← back to all news Cairncross: NMA calls for licence fee agreement with tech giants
A fair and equitable content licence fee agreement would ensure that news media publishers are appropriately rewarded for the use of their content by the tech giants, safeguarding the future of independent journalism which underpins our democracy, the News Media Association has said.
The NMA also joined Ofcom and UK broadcasters in calling for independent regulatory oversight of the tech platforms. In its submission to the Cairncross review into the future of sustainable journalism, the NMA outlined a list of 42 options and initiatives to support Britain’s local, regional and national press, recognised as the backbone of the UK news media sector and by far the biggest investors in news.
Laying out the challenges facing the industry, the NMA said: “The primary focus of concern today is the loss of advertising revenues which have previously sustained quality national and local journalism and are now flowing to the global search engines and social media companies who make no meaningful contribution to the cost of producing the original content from which they so richly benefit.”
Ad revenues for news media publishers, in particular local publishers, have plummeted over the last decade as Google and Facebook have rapidly expanded their dominance of the digital advertising ecosystem. Although they produce no original content, the two companies extract nearly 100 per cent of the growth in digital ad expenditure in the UK.
Despite the drops in revenues, established national and local news brands are reaching bigger audiences overall than they have for decades as people’s appetite for news grows and they are able to consume it on the platform or device of their choice, demonstrating the high public demand for trusted news.
One of the headline solutions proposed by the NMA is the introduction of a “fair, open and equitable” content licence fee agreement, supported by a UK Publishers Right, to ensure that the tech companies pay for the content from which they benefit.
In a separate submission to the review, NLA Media Access – the rights licensing and database business owned by news media publishers – outlined how such a scheme could work, saying that its well-established system for licensing news media content to media monitoring organisations could, in principle, be a possible route for licensing the tech platforms.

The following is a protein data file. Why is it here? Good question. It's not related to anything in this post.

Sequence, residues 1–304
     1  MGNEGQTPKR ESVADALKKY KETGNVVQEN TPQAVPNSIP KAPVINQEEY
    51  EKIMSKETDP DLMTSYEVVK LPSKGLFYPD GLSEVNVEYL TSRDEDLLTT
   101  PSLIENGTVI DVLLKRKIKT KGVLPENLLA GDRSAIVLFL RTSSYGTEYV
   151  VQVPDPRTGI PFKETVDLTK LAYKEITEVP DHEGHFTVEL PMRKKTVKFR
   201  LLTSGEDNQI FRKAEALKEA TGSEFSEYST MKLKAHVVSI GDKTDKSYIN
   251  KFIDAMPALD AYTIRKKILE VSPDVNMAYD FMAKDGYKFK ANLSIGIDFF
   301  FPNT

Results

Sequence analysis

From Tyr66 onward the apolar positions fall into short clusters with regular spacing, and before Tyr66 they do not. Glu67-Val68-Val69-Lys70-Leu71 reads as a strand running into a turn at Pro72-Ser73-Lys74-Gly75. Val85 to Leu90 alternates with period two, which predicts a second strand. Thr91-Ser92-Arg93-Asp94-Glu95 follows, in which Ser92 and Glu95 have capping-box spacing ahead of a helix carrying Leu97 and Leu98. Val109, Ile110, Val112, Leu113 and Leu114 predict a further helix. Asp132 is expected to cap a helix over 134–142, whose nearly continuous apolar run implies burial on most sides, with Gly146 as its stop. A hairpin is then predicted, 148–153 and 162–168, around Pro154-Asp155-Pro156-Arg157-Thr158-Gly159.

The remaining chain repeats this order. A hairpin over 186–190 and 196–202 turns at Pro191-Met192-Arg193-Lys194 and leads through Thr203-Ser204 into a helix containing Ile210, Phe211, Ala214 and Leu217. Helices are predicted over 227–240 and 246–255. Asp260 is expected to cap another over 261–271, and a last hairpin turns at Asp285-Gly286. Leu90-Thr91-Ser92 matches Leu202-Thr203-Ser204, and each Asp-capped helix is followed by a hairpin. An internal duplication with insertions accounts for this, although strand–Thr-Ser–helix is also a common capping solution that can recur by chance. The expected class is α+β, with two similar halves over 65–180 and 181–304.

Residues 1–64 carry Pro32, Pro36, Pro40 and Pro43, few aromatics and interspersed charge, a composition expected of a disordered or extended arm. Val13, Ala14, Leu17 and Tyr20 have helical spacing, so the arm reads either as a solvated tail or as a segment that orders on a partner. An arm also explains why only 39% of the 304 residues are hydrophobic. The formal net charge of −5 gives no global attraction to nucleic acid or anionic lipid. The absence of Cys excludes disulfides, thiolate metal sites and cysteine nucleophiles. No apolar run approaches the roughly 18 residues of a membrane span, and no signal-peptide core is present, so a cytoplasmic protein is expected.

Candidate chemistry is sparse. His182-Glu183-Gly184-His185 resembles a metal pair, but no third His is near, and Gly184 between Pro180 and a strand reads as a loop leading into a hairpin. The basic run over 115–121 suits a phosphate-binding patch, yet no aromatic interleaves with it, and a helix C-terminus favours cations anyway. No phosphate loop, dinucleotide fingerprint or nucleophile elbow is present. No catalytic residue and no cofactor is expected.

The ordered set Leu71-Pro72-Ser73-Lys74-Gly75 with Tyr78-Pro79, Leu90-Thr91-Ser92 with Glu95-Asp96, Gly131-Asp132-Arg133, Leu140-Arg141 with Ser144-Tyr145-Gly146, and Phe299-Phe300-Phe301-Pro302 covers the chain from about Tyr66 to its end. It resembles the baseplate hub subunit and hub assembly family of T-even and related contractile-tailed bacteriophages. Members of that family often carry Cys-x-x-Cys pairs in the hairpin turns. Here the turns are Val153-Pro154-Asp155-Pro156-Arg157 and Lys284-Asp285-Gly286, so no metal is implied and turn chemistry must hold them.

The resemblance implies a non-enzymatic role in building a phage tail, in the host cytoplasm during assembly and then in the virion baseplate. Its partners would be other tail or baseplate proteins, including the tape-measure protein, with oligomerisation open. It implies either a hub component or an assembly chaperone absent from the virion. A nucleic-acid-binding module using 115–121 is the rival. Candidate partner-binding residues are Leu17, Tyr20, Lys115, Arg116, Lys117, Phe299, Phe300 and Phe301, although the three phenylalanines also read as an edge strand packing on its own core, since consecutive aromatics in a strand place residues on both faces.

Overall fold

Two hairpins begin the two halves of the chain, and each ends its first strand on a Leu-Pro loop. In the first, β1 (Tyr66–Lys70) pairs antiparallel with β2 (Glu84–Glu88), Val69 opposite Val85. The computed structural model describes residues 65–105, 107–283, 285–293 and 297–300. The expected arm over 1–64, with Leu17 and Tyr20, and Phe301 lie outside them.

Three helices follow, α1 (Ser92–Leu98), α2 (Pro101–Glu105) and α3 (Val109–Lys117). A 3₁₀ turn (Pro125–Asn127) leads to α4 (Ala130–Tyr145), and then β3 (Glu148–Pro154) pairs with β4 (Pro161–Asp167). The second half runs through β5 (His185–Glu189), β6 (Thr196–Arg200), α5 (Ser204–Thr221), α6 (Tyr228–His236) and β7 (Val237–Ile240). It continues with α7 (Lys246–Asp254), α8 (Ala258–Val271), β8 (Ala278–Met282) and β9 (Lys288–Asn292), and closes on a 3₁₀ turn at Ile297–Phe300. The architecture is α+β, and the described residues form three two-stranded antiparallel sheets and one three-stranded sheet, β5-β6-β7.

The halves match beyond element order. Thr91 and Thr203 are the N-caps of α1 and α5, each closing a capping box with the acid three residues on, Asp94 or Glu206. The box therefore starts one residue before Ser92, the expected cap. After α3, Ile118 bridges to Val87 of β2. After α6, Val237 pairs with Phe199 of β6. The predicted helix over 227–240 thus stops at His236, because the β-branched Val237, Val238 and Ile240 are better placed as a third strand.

News media publishers would be required to meet a series of criteria to be eligible for the scheme including demonstrating the consistent quality of its journalism through, for example, membership of IPSO or adherence to the Editors’ Code of Practice.
The NMA highlighted five key areas to protect journalism:
Launch a competition inquiry into the dominance of the tech companies and the role of intermediaries in the digital advertising supply chain and their impact on consumers, advertisers and other media players, leading to effective remedies;
Introduce a fair, open and equitable content licence fee agreement, supported by a UK Publishers Right, enabling the tech companies to demonstrate the value they extract and to pay for the content from which they benefit, without discrimination between news publishers;
Give the tech companies the same legal responsibility as publishers for the content they carry, unless it is from a bona fide news source, and introduce independent regulatory oversight of their activities. This would incentivise the aggregators to promote verified news content over fake news and other harmful content; Ensure greater openness and transparency over algorithms.
Require the tech companies to give reasonable notice of any changes to terms of business or to algorithms which impact news publishers, to explain the purpose of the changes and to set out the assumptions and editorial judgments which lie behind the automation;
Consider enhancing the BBC/NMA Local News Partnership which has been helpful. The model includes 150 Local Democracy Reporters employed by news media organisations but funded by the BBC.
The NMA added: “Measures of success for the review in 10 years’ time would see a vibrant and well-funded independent news media sector marked by an increase in the number of news media journalists, regular launches of new local titles by dedicated commercial news media companies, and a rebalancing of the advertising market so that revenues follow audiences and advertisers can once again be confident that their brand messages are seen by real people viewing real content in a brand-safe environment.
“Successful solutions would result in search engines and social media companies recognising that genuine news is the vital component of engagement with their platforms and that it is in their long-term interests actively to promote it over fake news and other harmful content.”